Mina: With global oil prices flailing, Saudi Arabia is turning to another natural resource: billions of dollars gained from religious tourism as the kingdom hosts the annual haj pilgrimage.
Shops line the packed esplanade of the Great Mosque of Makkah, one of the holiest sites in Islam, lowering their awnings only at prayer time and re-opening their doors minutes after the mosque empties.
Saudi authorities have reported 2.35 million Muslims are participating in this year’s Haj, the pilgrimage to the western Saudi Arabian city of Makkah that forms one of the five pillars of Islam.
Of those, around 1.75 million pilgrims from 168 countries arrived from abroad, according to the state-run SPA news agency.
Even at the foothills of Mount Arafat, where Muslims believe the Prophet Mohammad (PBUH) delivered his last sermon, carpet merchants were scouting for customers among the faithful.
“The money spent by pilgrims this year could be from 20 to 25 billion riyals (5.3 to 6.7 billion dollars),” said Maher Jamal, head of Makkah’s Chamber of Commerce and Industry - an estimated 70 per cent increase from the previous year.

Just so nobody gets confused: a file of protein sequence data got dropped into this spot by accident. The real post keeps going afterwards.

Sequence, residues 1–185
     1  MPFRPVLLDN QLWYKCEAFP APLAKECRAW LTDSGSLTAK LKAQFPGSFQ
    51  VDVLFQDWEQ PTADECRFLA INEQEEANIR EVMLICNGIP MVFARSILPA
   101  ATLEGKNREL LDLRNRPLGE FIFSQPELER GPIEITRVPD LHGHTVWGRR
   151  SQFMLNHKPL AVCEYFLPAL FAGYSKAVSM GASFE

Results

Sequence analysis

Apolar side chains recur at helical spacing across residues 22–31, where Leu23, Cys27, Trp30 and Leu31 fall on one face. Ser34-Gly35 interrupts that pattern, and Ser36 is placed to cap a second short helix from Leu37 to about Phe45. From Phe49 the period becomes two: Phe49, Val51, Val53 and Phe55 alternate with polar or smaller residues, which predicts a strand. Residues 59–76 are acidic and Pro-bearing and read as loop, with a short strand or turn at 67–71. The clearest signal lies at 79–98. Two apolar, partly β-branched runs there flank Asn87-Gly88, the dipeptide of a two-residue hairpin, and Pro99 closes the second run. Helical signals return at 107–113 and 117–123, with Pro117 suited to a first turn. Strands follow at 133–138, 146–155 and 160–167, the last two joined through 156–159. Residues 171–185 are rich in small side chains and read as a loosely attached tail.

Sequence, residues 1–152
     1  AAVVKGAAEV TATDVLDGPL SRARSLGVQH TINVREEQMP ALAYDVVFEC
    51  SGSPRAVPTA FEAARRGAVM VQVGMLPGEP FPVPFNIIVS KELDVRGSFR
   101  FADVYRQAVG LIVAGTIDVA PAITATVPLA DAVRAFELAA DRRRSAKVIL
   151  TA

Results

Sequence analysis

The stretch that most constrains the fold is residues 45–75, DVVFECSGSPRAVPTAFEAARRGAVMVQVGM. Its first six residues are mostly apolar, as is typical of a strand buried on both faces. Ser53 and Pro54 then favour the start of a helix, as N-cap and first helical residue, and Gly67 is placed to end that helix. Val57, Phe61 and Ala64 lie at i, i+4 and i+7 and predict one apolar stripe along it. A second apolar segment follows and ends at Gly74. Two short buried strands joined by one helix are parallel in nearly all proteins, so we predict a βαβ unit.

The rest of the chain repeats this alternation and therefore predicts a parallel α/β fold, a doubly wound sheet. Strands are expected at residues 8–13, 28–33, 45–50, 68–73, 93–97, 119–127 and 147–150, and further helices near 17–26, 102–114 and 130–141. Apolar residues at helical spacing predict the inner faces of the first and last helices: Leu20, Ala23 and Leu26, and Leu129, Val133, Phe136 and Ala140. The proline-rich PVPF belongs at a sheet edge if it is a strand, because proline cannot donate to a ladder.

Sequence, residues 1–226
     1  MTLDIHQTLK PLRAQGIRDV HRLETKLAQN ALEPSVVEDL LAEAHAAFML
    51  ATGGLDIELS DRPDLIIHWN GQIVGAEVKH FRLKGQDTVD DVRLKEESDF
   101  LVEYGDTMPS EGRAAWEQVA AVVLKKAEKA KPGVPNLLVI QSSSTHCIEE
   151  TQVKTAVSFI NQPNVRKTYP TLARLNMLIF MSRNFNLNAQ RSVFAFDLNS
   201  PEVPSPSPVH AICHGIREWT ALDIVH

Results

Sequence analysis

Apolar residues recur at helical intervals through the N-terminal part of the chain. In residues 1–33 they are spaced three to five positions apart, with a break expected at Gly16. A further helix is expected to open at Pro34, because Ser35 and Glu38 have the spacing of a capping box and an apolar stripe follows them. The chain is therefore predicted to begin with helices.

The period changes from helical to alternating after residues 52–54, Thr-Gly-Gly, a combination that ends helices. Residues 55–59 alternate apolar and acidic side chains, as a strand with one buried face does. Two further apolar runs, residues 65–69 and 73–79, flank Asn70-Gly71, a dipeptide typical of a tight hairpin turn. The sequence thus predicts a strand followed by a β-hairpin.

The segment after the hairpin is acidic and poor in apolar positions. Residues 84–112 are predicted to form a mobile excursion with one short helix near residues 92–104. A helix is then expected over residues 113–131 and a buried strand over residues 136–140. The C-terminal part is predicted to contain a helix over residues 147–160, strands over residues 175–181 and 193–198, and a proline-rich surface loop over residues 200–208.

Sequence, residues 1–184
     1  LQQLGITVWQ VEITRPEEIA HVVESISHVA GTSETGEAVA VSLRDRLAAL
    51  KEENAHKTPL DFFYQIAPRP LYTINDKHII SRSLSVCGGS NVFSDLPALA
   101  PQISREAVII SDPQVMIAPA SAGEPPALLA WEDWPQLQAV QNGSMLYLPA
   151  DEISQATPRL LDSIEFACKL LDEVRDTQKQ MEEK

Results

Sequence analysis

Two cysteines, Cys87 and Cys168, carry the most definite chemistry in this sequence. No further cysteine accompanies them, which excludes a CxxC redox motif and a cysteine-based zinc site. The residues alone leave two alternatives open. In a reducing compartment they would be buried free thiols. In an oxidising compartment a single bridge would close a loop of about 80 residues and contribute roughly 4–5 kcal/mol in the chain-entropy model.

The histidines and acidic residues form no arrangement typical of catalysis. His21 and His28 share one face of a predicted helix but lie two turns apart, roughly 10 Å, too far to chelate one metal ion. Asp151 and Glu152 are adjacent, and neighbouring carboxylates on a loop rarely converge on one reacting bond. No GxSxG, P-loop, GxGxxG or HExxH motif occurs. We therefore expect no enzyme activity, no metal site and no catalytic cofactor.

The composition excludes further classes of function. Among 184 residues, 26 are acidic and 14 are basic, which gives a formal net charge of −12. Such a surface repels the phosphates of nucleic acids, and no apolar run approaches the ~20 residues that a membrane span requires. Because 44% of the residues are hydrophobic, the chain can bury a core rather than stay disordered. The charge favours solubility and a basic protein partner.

Jamal told AFP the jump in revenue stemmed from a 20 percent increase in the number of pilgrims compared with last year.
Each of them contributes on average thousands of dollars to the kingdom’s domestic economy, spending money on food, lodging, souvenirs and gifts.
The increase in numbers is no accident but rather part of the ambitious Vision 2030 plan aimed at diversifying the Saudi economy, which was dealt a serious blow after oil prices plummeted in 2014.
According to historian Luc Chantre, whose research focuses on Haj during colonial times, “even before the advent of Islam, Makkah was a place for merchants”.
“It was an area of international exchange, where religion and commerce were always linked,” Chantre told AFP.
“Until the discovery of oil, the Haj was Saudi Arabia’s primary source of revenue.”
Saudi Arabia - the world’s top crude oil exporter - has announced a plan to shift the kingdom’s economy away from oil dependency toward other sources of revenue, including religious tourism.
The Vision 2030 plan aims to draw six million pilgrims to Haj annually.
In addition, the kingdom hopes to attract 30 million pilgrims to umrah, a lesser pilgrimage that can be completed during the rest of the year.
Years before the 2030 targets were unveiled, work was already under way to expand the capacity to accommodate as many pilgrims as possible during the five-day Haj.